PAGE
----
We built a corona killer! Check it out:
We built a corona killer! Check it out:
I hope that isn’t actually UV-C, this recent article suggests it’s something to stay away from.
I doubt it. The cardboard box suggests that they are regular Phillips brand, and the video says around 1:00 that they’re “using these shop lights for purposes.”
Yeah using UV-C bulbs like that would be risky to say the least.
I think that UV-C lights are used in most high school science labs safety goggle shelves to disinfect safety glasses so it’s probably safe enough for this particular use case. If I’m not mistaken the concern is with prolonged direct exposure to the skin, but as long as the chest is closed during use I don’t see any major issues. But then again I’m not a scientist.
Philips makes UVC lamps. The exact lamp in question, shown at 2:35, is this one, which is indeed a UVC lamp.
I think the word “demonstration” somehow got cut out in the audio.
I may be wrong, but, as far as I understand, UVC is safe as long as you are not exposed to it.
Here is a video from bigclivedotcom discussing UVC, including a demonstration of a lamp very similar to the one shown in the video.
I have to admit I didn’t even see the video, just the open box with lights on and words UV-C. Ok, so assuming there is some sort of interlock so that the lid can not be opened with the lights on, guess it would be ok.
Given the warning stickers on the lid I bet there isn’t an interlock yet. it’d be a great use for a limit switch!
We find it funny that while we are typing a response to your questions, you are coming to realize that you made knee jerk decisions to reply so quickly. We are all scientist at heart guys. Do some research before replying.
We did not install the UV-c bulbs for this video, because yes, they are not something to play around with. For the purposes of the video, we only had the shop lights installed(fluorescent).
We have done our homework. Our coach is a meat scientist, and has experience with using UV to dry age beef. He has helped us with this project.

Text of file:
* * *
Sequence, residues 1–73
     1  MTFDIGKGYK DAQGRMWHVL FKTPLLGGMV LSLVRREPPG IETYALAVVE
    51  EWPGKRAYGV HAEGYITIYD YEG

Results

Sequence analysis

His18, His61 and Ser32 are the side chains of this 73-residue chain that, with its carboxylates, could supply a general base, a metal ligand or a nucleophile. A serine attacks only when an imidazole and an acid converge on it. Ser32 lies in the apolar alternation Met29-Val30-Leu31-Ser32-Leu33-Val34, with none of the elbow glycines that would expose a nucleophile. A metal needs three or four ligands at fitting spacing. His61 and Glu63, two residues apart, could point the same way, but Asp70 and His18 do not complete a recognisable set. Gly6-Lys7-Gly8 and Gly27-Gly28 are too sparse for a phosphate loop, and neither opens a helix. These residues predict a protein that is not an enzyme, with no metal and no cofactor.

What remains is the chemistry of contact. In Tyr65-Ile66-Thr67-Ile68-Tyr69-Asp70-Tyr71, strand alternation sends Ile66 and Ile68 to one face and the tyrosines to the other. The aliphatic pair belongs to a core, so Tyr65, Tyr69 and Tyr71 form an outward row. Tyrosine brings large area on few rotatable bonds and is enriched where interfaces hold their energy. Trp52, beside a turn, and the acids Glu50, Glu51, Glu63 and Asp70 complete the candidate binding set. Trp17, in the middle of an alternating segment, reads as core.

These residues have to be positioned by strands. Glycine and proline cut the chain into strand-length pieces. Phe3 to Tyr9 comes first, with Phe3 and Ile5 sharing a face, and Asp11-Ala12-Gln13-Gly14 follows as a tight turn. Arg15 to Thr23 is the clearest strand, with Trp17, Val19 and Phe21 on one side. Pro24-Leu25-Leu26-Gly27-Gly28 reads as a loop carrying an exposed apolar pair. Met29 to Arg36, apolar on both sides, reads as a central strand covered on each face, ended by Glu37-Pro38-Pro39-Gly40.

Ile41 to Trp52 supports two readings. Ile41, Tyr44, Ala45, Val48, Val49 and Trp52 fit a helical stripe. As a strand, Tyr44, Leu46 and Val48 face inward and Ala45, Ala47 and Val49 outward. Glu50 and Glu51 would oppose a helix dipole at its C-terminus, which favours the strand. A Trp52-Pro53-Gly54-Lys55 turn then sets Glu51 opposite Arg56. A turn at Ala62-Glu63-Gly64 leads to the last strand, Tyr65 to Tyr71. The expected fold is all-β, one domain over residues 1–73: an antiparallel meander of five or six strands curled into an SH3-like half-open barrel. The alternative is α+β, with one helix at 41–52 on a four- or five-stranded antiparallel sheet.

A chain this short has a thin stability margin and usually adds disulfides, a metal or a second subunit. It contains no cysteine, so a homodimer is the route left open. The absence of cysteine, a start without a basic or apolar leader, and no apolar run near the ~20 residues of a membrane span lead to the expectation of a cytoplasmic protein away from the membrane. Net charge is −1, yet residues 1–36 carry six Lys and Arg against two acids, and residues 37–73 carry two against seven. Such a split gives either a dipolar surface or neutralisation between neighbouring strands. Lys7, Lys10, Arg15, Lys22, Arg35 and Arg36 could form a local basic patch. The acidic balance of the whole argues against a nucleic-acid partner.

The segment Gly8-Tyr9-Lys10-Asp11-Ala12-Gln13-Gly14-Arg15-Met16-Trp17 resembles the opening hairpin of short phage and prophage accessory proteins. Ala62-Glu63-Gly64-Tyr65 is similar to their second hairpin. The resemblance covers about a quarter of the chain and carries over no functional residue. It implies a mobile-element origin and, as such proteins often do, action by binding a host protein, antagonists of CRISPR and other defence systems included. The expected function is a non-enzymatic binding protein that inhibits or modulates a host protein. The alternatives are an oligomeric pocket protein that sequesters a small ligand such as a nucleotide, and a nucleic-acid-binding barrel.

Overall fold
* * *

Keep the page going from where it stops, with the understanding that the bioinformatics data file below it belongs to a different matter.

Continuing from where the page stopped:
What is dangerous is that the nurses and CNA’s across the United States are being given 1-2 N95 masks to use for who knows how long. They are also given a brown paper lunch sack to put the used (maybe contaminated) mask in to store it for 24 hours in hopes that the virus dies. Using UV-c is very effective against similar MERS & SARS viruses. The other piece is that UV-c does NOT hurt the functionality of the mask. It retains 97% of its factory filtering abilities.
Here is the link from the manufacturer that has the specs declaring the bulbs in the brown cardboard box as UV-c:
Wish us luck!! We are doing this to help protect our parents who work in the health care field at several different levels. Maybe this will encourage a lot of us to help out in our communities on some way, until we see the new game reveal and can start back on robotics.
You have obviously done research, that’s great, what we don’t need is other young students seeing the demonstration and not understanding the details, trying to copy it, and hurting themselves in some way. I think it would have been prudent to at least have had some additional details in the original post explaining any potential dangers.
Where to start?
This is all 120V wiring. If you are not an electrician, or have an experienced adult, STOP HERE. DO NOT PROCEED.
UV-C is not widely studied nor published on by the CDC because of its Past dangers to the general public in public settings. However, many new robotics companies are developing much safer mechanisms in which to deliver a very useful type of germicidal tool. After this corona virus, many of us are going to have opportunities with these companies.